This report tracks mobile semiconductors that totaled $35.7 billion in 2013 revenue; we forecast this total to grow to $44.9 billion in 2018. This total includes cellular baseband processors and their associated RF and power-management chips, application processors (AP), mobile Wi-Fi chips, mobile Bluetooth chips, GPS chips, NFC chips, and combo connectivity chips. Baseband processors, including those with an integrated AP, comprise the largest segment of this market, generating $21.4 billion in 2013.
Changes in the shipments of wireless handsets, smartphones, tablet computers, and other mobile devices have a large effect on the sales of these mobile chips. In 2014, Samsung is losing share in smartphones while the former Nokia (now Microsoft) is losing share in handsets. In both cases, Chinese vendors such as Huawei, Xiaomi, and ZTE are picking up the slack. These changes, along with supplier changes at several lead¬ing vendors, help some chip suppliers and hurt others.
The market is also being roiled by vendor transitions. After Renesas and ST-Ericsson exited the smartphone market in 2013, the past year has seen a larger player, Broadcom, withdraw. Nvidia canceled its program to develop integrated processors for smartphones and is likely to terminate all baseband development as well. Both Spreadtrum and RDA Micro-electronics were acquired by a Chinese state-owned entity. These changes put new opportunities into play and remove others from the table.
Qualcomm is gaining share in baseband processors because of declining use of GSM (which it does not supply) and increasing use of LTE (where it holds more than 90% market share). The company also gained share in Samsung smartphones that formerly used Broadcom or Exynos chips. We expect Qualcomm’s unit shipments to rise 19.1% in 2014, whereas the overall baseband market will grow by just 5.7%. Its average selling price (ASP) is rising because of its dominance in LTE, which serves the top end of the market. Over the next few years, however, we expect this ASP to fall as competitors enter the LTE market.
MediaTek is growing rapidly in smartphone processors, trailing only Qualcomm. It also ranks second in 3G baseband shipments. This shift is boosting MediaTek’s ASP from $5.47 in 2013 to a projected $6.92 in 2014, helping the company gain share on a revenue basis. Given that most smartphone growth will be at the low end, we forecast continued strong growth for MediaTek through 2017.
The most significant trend in application processors is the integration of the AP into the cellular baseband (AP+BB). In 2014, 92% of non-Apple smartphones will use an AP+BB chip, leaving little room for merchant AP chips in smartphones. Still, we expect 638 million standalone AP chips to ship in 2014 (including Apple’s internal design). This total will remain roughly flat through 2018 as growth in tablet shipments compensates for the decline in AP usage in smartphones.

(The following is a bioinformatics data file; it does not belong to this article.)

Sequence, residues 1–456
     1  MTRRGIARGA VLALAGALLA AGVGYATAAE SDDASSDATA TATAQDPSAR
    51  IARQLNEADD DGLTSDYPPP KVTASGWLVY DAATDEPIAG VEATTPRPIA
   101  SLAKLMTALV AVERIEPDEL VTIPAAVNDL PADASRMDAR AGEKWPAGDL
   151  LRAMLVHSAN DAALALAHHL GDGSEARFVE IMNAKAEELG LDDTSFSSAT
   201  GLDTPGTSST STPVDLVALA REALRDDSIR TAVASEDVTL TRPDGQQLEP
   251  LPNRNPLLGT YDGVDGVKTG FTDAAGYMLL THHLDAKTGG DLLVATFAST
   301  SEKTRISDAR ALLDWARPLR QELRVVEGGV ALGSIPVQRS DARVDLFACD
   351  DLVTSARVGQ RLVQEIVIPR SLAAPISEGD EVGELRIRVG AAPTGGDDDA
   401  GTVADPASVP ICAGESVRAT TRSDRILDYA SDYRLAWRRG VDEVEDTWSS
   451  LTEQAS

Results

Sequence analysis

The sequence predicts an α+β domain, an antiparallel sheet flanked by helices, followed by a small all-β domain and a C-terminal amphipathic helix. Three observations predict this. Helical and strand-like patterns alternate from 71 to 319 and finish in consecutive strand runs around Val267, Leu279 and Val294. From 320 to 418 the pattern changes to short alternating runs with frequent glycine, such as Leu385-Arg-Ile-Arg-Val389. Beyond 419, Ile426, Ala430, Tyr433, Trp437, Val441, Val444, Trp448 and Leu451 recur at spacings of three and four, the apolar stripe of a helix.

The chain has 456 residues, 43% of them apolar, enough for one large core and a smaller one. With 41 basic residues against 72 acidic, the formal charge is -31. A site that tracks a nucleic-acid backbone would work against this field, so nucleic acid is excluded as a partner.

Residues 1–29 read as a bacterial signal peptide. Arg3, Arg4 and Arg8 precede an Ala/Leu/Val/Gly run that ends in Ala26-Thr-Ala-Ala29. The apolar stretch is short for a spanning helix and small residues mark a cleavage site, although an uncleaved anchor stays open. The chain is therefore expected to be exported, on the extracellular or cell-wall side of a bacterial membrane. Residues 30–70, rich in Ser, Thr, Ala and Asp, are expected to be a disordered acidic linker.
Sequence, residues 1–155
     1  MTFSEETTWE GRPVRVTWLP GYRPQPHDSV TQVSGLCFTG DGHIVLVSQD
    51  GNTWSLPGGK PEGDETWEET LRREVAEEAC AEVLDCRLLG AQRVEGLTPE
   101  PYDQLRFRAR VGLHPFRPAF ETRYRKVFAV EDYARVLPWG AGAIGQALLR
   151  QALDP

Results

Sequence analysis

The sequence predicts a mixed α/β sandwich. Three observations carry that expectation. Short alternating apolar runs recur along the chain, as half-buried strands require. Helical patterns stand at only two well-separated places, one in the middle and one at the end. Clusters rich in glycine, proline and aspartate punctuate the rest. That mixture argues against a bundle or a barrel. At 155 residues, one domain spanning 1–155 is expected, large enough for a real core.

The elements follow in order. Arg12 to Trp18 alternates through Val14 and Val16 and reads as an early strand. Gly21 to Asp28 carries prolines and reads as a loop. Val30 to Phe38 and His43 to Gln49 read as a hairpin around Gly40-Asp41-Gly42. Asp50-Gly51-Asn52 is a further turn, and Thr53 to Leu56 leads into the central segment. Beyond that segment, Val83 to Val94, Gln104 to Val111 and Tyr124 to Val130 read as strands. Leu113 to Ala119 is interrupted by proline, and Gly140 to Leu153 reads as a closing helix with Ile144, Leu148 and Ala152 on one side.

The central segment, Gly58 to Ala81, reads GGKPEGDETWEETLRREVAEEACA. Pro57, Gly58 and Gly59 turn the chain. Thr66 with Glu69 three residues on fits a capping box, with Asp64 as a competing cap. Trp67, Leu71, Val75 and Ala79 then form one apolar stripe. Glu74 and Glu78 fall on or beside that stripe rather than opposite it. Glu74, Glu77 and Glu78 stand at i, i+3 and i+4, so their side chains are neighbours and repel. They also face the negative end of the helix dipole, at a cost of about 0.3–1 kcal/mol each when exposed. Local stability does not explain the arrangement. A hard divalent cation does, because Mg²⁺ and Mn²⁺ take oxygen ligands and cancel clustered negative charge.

In 2013, the top overall AP vendor is Qualcomm, with 30.9% share. MediaTek ranks second with 224 million processors. This total is actually surpassed by internal consumption of application processors, mainly by Apple, which totals 18.6% of all AP chips. When considering only stand-alone AP chips, Samsung is the leader with its Exynos processor, but Intel is climbing the charts with subsidized sales of its x86 processors. Tablet-only vendors such as Allwinner and Rockchip are losing share in 2014 to Intel and MediaTek.
Like the AP, Wi-Fi is now being absorbed into the baseband processor. We forecast that baseband-integrated Wi-Fi will rise from 9% of all Wi-Fi chips in 2013 to 51% in 2018. This transition is moving quickly in low-cost and midrange smartphones, which often use reference designs from MediaTek, Qualcomm, or Spreadtrum. As a result of this shift, shipments of traditional Wi-Fi combo chips will have just 1.3% CAGR during the forecast period.
This shift is bad news for Broadcom, which shipped 53% of all mobile Wi-Fi chips in 2013. We forecast its Wi-Fi share to fall to 32% in 2018. The company is suffering a double whammy as its baseband customers, which often used its Wi-Fi chips, switch to integrated solutions from other baseband suppliers. We expect Broadcom’s total connectivity revenue to decline at a –7.9% CAGR from 2013 to 2018; including the effects of the baseband withdrawal, this CAGR is –11.8%.
Smartphones and tablets now consume 89% of all mobile connectivity chips, causing connectivity vendors to focus on combo chips that supply as many of the main functions (Wi-Fi, GPS, Bluetooth, and FM) as possible. Three-way combos (Wi-Fi, Bluetooth, and FM) are the most common option today, with a shift to four-way combos coming in 2015. As standalone connectivity chips disappear, the market share for Bluetooth and GPS chips is becoming quite similar to that of Wi Fi chips.
NFC deployment is rising and will accelerate with its adoption in the iPhone 6. We estimate the NFC attach rate at 21.6% of all handsets in 2014, rising to 58.5% in 2018. This growth will drive shipments of mobile NFC chips to 1.82 billion units in that year, according to our forecast. Most of these chips, however, will be either combo chips or cellular basebands that integrate the NFC function. The current leader in NFC chip shipments, NXP, will not benefit from this trend because it lacks the technologies required to create integrated solutions. We expect Broadcom to become the market leader in 2016, with familiar faces such as Qualcomm and MediaTek also gaining.